The state's full congressional delegation, with the exception of Republican U.S. Sen. Scott Brown, has written to the U.S. Department of Health and Human Services backing a Massachusetts Fishing Partnership application for a three-year, $4 million grant for a project aimed at helping fishermen find their best fit for health insurance.
"The project has three primary tasks," states the application from the partnership, which has extensive Gloucester ties: "transitioning and, or enrolling fishermen and their families into affordable health insurance plans, coordinating and facilitating health care and social services, providing on-going care coordination and safety training."
The letter was signed by Sen. John Kerry and the 10 Democrats in the House including Congressman John Tierney.
But Brown declined due to the program's funding source — "Obamacare," Brown's press secretary, John Donnelly, told the Times on Thursday.
The letter was drafted in the office of Congressman William Keating of Quincy.
"Successful receipt of Health Care Innovation Challenge funds would allow the Fishing Partnership to hire up to nine additional community health service navigators throughout New England — bringing their total to 14 — and provide each navigator with comprehensive health care training," the congressional lawmakers said in their letter dated Monday.
"... In all, the partnership expects to save over $11 million through this expansion and expand their services to as many as 30,000 individuals.
"We understand that the success of the partnership is, in part, due to their hiring and training of fishermen's wives as community health service navigators," the congressional letter said.
"In turn, the navigators provide support services and training programs through collaboration with managed care organizations to reportedly over 2,000 family members and dependents of fishermen and related industry workers."
According to Fishing Partnership statistics, the community outreach-based model and collective prevention efforts — whose "navigators" include Angela Sanfilippo of the Gloucester Fishermen's Wives Association — has helped reduce the rate of uninsured fishermen from 43 percent to 13 percent.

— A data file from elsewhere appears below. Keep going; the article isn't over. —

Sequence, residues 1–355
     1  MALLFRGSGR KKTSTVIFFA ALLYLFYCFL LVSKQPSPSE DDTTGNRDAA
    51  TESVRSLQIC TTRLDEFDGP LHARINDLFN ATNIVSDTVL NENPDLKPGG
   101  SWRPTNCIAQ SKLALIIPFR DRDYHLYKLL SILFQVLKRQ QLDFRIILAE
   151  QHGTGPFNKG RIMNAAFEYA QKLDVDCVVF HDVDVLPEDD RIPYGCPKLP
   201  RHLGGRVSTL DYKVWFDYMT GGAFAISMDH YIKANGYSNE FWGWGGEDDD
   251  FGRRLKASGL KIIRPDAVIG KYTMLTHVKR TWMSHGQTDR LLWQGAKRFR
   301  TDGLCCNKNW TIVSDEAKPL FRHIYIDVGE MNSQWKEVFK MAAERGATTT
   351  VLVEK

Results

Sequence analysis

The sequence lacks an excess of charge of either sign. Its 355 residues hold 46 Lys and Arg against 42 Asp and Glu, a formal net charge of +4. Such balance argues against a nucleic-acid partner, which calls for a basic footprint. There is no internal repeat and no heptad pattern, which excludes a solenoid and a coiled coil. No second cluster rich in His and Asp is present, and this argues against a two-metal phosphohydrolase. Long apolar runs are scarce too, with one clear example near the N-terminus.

The nonprofit partnership — an organization that for many years extended health care benefits to New England's fishermen and others who work within the industry — shifted its focus to provide more overall social outreach and steer fishermen to the best coverage plans for which they're eligible.
The shift was driven by enactment of the new federal universal health insurance program approved by Congress in 2010.
Partnership president JJ Bartlett said the organization's goals remain the same as when it was launched in 1995. Bartlett, an Acton resident, has worked with all segments of the fishing industry and was called by the White House Office of Health Reform earlier this year to testify on health issues and the unique health care needs of the fishing industry.
In 2010, the most recent year for which the organization's U.S. Internal Revenue Service "990" in lieu of tax filing form was available, Bartlett was paid a salary of $194,979 by the partnership, while vice president David Bergeron of Gloucester was paid $73,192. Bergeron heads Mayor Carolyn Kirk's Fishery Advisory Commission.
In 2010, the organization, while still providing health insurance services primarily via Harvard Pilgrim, reported grants and contributions of $3.9 million and program service revenue of $6 million.
Richard Gaines can be reached at 978-283-7000 x3464, or firstname.lastname@example.org.